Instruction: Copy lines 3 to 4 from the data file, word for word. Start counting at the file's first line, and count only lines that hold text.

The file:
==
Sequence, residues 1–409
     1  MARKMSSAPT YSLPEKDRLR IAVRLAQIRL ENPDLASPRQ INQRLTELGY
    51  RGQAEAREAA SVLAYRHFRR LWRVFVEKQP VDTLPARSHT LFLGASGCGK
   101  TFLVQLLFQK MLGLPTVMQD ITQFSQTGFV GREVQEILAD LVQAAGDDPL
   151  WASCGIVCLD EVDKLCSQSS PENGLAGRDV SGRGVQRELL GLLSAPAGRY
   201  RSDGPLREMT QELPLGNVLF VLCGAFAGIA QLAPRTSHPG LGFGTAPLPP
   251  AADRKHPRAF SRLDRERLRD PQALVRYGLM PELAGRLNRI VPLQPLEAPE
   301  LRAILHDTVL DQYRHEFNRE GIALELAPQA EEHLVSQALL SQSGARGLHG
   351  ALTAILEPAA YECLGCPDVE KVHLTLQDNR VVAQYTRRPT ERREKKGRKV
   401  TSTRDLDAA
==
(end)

    51  RGQAEAREAA SVLAYRHFRR LWRVFVEKQP VDTLPARSHT LFLGASGCGK
   101  TFLVQLLFQK MLGLPTVMQD ITQFSQTGFV GREVQEILAD LVQAAGDDPL